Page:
Monthly Archives: November 2017



One of the key seniors on the Brookfield Central state-runner-up football team never made the roster, threw a pass, had a reception or made a tackle. Unless you are familiar with the Lancers program, you probably never heard of John Richter.

Richter was an official assistant coach on the Lancers team this year, something he knew he wanted to do ever since he started playing football in the Jr. Lancers program.

"Ever since fifth grade, my first season of football, I got the idea I wanted to become a coach. Then from there it spring boarded itself. Through juniors (Jr. Lancers) I would help out. I would be the scout team's quarterback because I knew the other team's offense.

Richter slowly eased himself into the position his first three seasons at Central, while playing JV his first two years.

Photo by Alan Herzberg, SportsPhotosLLC --- Brookfield Central coach senior John Richter takes in the atmosphere  before the state championship football game this fall.

"My freshman year I approached coach (Jed) Kennedy about staying on the sidelines in the games because I told him what I wanted to do (be a college coach)," Richter said. "My sophomore year I played on JV and I stood on the sidelines (for varsity games) and I did a couple blitz charts showing what kind of stunts the opponents were using and then got that info to coach (Joel) Nellis (offensive line coach)."

Richter then looked to make a complete switch from playing to coaching his junior year.

"It was the Friday before we started - the July 4th weekend - I had this idea," he said. "I knew I didn't want to play. I wanted to start my football coaching career. I wanted to jumpstart it early."

So Richter contacted Kennedy and set up a meeting.

"I called coach that night and we talked it through," he said. "I met with him and he told me to practice for a week. I went through the first week of training camp and I told him I really didn't want to do this (as a football player). I wanted to start being involved coaching-wise. So that's when that started. I helped out with anything that they needed. In terms of what they couldn't do, I would help them with."

Kennedy knew Richter was part of the youth program.

"He was really little, not very big (John is 5-feet, 11 inches, 135 pounds today)," he said. "His goal was to be a college football coach and he felt this way the best way to set himself up. So he latched on to the coaching role.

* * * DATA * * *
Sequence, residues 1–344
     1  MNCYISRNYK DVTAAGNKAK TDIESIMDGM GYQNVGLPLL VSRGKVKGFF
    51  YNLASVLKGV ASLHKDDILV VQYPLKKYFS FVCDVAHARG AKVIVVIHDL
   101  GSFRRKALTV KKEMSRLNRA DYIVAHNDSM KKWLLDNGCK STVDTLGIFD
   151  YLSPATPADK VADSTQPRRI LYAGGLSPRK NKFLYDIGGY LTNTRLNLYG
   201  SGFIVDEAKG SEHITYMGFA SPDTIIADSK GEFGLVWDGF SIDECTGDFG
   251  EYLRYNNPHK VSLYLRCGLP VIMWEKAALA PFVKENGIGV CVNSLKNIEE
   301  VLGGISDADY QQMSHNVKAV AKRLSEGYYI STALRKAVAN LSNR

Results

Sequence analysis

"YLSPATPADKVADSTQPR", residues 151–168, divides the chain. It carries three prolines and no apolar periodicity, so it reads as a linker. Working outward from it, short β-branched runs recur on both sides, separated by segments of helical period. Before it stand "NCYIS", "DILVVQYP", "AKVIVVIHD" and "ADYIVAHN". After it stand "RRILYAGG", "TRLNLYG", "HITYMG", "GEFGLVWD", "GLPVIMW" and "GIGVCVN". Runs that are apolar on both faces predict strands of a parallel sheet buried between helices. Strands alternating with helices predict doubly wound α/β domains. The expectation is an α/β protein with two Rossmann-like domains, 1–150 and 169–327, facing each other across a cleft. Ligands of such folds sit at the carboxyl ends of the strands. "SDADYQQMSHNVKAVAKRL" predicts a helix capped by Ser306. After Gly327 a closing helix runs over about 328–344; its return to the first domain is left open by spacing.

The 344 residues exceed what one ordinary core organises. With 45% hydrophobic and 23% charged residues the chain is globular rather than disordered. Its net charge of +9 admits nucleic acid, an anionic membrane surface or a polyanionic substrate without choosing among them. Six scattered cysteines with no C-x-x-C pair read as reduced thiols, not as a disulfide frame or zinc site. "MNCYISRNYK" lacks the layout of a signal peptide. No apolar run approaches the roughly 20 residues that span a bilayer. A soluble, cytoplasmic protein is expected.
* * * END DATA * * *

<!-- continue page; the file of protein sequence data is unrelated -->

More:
"I talked to his dad (Dave) and we thought it was a win-win for everybody."

Kennedy had never run into a situation like this during his coaching career.

"This is a first," he said. "I don't know if there has ever been a kid to have the passion, the knowledge, the will to be a coach. If you looked at the body of work he has done, you would think he was a coach for a long time.

"Even in his first year of coaching, he didn’t dip his toe in the water, he jumped in head first. It was an unbelievable experience. He sent me a message after the season was over thanking me for everything over the last four years.

"But the reality was I was really the lucky one and our staff were really the lucky ones to work with John. He was just unbelievable. He's mature beyond his years."

He is very mature, extremely unselfish. He is Lancer Blue all the way through. There isn’t a student in the student body who doesn’t know who John Richter is. It’s unbelievable. I told him ‘Some day I’ll be working for you.’ “It’s a question of whether he’ll hire me or not.”

--- Coach Jed Kennedy

Kennedy explained that Richter did everything that a coach would do.

"He attended staff meetings. He was instrumental in putting the no-huddle stuff together," Kennedy said. "He made bands for the no huddle. He was involved in the practice plans, the administrative duties with the offense. Except for the fact he looked like a high school kid, you would have never known."

Kennedy made it clear to his coaching staff that John was not a manager. His goal was to be a college coach when he grows up and he wanted to get the experience about how it works. How one program does it.

Photo by Al Herzberg, SportsPhotos --- John Richter ran the scout teams ever since he was in the Jr. Lancers program in fifth grade. That's when he knew his future was in coaching.


What was even more important was how would his teammates accept him as a coach. The answer wasn't surprising.

"These were guys I have been playing sports with since I was third-fourth-fifth grade," John said. "I think they all have seen how hard I worked at it. And I have been so open about what my goals were, they knew this is what I want. They were all supporting me. It's really cool. It's fun watching them under the lights, but they all support me on my side of the game, especially during the week when I'm working."

Richter recalled meeting coach George Machado, the new quarterback coach and has quite the background himself.

Richter then spoke out about what he needs to do to be successful.

"He brought me in with coach Machado in March and told me I would spend the majority of the time working with him. I ran with that, helping him. He is very influential in the passing game. I also worked with coach (Chris) Freiman (wide receiver coach).